Neil from Messick's here today to talk about my tractor. I recently did something unique, some things that many of you might find a little interesting. I did a lot of things here on the back of my own machine that are considered incompatible or sometimes impossible because they go off the rails a little bit from the manufacturer's clear recommendations of specific accessory kits for your machine or implements that may or may not fit. Today, we're going to spend some time talking about my backhoe that doesn't fit my tractor and the mounting subframe that also does not belong on this machine.
Now, the first thing to point out here is that I'm using a BH76 backhoe on an LX3310 tractor. These are two things that, according to Kubota's configuration guides, don't go together. Generally, our tractor companies are concerned about configurations for new equipment that they're going to sell you today, but they're may be a little less concerned about the weird things that we run into on a regular basis here, maybe the trying to take that older used backhoe and adapt it to a newer machine that can be really challenging to do. We know though from experience, that when they go through and they make changes to backhoes or really anything on your tractor, they generally don't break the mold and start all of that engineering over again. They're going to keep a lot of the pieces in place, particularly where they interface to other kits and stuff that make all of this work to minimize the amount of engineering rework that they need to do. In the case of this backhoe, I knew enough from seeing how things have evolved over the years and doing a little bit of looking at the parts catalogs and comparing today's model versus this one to be able to check and see whether those major assemblies and connection points have remained the same. By verifying the parts diagrams between the current BH77 backhoe and this older BH76, I could be reasonably confident that my mounting points here were going to be the same.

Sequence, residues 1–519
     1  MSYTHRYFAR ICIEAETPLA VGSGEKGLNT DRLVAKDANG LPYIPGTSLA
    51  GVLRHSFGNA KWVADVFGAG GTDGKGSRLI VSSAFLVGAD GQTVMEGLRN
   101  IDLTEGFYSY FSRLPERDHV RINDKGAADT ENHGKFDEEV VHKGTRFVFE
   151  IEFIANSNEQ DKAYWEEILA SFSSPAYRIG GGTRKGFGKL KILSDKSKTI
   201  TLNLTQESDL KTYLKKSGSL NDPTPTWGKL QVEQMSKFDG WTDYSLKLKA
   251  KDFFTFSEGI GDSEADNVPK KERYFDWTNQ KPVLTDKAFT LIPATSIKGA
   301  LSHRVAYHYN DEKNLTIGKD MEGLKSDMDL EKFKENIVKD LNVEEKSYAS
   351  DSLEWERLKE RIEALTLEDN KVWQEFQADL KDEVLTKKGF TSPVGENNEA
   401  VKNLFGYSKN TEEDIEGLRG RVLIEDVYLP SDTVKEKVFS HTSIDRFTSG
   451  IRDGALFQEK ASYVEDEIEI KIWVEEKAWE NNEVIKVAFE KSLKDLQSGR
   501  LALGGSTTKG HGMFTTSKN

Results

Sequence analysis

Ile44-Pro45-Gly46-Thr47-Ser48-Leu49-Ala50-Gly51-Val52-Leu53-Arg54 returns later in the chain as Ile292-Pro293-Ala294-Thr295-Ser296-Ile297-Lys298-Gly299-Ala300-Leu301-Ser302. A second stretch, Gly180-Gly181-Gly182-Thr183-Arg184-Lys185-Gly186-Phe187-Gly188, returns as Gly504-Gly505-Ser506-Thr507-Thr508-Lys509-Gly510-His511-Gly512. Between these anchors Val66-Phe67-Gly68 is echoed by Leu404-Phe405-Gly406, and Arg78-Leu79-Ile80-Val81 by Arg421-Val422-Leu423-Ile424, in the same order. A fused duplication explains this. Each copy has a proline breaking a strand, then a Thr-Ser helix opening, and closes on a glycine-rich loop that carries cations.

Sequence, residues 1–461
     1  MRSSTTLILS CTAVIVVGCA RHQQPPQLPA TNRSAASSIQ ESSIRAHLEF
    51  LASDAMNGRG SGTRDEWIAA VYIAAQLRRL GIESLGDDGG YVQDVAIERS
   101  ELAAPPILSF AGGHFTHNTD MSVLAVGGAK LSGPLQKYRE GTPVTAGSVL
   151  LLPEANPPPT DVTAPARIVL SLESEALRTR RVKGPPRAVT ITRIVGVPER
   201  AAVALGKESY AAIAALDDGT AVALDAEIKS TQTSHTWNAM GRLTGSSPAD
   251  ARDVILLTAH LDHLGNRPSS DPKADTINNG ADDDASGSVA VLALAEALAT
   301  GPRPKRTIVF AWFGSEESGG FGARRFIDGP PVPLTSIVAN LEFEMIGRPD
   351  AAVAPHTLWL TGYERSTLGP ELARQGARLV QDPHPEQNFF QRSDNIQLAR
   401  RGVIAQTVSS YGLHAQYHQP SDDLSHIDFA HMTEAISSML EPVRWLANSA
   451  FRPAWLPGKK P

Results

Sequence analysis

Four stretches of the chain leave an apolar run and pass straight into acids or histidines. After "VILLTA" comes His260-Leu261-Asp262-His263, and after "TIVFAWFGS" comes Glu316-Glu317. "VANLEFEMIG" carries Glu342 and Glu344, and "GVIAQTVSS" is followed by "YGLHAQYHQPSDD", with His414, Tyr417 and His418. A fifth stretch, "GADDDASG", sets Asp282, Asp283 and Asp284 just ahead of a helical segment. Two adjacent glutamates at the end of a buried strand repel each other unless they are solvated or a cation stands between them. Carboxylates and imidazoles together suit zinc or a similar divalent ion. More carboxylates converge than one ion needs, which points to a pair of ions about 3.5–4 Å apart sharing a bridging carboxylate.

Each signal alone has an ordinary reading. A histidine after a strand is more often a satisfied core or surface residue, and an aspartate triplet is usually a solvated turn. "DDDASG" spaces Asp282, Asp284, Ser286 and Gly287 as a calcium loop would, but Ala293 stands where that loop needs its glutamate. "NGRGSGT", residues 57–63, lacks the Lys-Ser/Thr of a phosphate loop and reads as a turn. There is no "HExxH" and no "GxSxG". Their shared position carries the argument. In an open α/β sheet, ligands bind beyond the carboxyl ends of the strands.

I did one more thing here that was a little different yet too. I used a different subframe that mounts between the tractor and the backhoe than what is typically used in this application. Now, years ago, backhoes were built on 3.0 hitches, where you use your traditional 3.0 implement linkage to pin up that backhoe. As the years have gone by, and backhoes have gotten a lot more capable and started eventually doing damage to the back of the tractors that they were mounted on, subframes now have become the preferred way of mounting a backhoe. That creates a mounting frame that goes from the base of your loader, through your axle housing, and then back to the backhoe itself with a rack that that backhoe sits on. Now, I've done some different things here with my subframe as well. Years ago, there weren't so many options for subframes, but today for the LX series tractor, there's more variants of the machine now, cabs are a lot more common, and so we have options now. For the subframe, the cab version of this tractor has a subframe with a separate seat behind it, while the open station version of the tractor usually uses a swivel seat where this seat will spin 180 degrees and you use your operator seat facing backwards to operate the backhoe. Now, there are pros and cons to each one of these styles. Usually, we're going to use the swivel seat style because it keeps the backhoe really tight to the back of the machine, shortens up the footprint. If you're going up and down a trailer, it's better on your departure angle. There's many reasons to want to use the swivel seat.